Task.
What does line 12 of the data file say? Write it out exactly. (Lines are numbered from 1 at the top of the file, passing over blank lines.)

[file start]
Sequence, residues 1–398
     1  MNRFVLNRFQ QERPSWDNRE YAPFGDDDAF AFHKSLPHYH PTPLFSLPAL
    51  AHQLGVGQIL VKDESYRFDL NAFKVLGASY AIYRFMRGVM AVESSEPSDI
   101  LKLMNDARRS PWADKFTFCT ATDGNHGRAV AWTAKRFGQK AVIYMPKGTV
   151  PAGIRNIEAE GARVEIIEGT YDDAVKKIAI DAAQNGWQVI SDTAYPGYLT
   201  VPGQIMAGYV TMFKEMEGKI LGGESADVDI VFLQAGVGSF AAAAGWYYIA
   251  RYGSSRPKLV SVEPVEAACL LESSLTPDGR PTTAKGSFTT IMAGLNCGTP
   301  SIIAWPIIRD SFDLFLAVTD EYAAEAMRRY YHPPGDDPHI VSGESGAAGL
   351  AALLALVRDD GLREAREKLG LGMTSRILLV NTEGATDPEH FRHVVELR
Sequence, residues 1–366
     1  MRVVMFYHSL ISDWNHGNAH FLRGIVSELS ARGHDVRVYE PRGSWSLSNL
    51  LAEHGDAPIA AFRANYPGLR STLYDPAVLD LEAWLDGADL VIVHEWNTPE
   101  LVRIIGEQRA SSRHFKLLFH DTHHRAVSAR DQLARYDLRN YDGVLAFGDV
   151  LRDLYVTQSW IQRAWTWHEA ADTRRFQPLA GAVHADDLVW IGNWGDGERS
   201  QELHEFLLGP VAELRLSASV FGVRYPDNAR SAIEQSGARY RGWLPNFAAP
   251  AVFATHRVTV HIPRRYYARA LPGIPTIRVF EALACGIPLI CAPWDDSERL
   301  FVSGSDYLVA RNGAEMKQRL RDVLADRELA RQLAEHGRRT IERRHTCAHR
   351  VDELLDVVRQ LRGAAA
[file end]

    51  LAEHGDAPIA AFRANYPGLR STLYDPAVLD LEAWLDGADL VIVHEWNTPE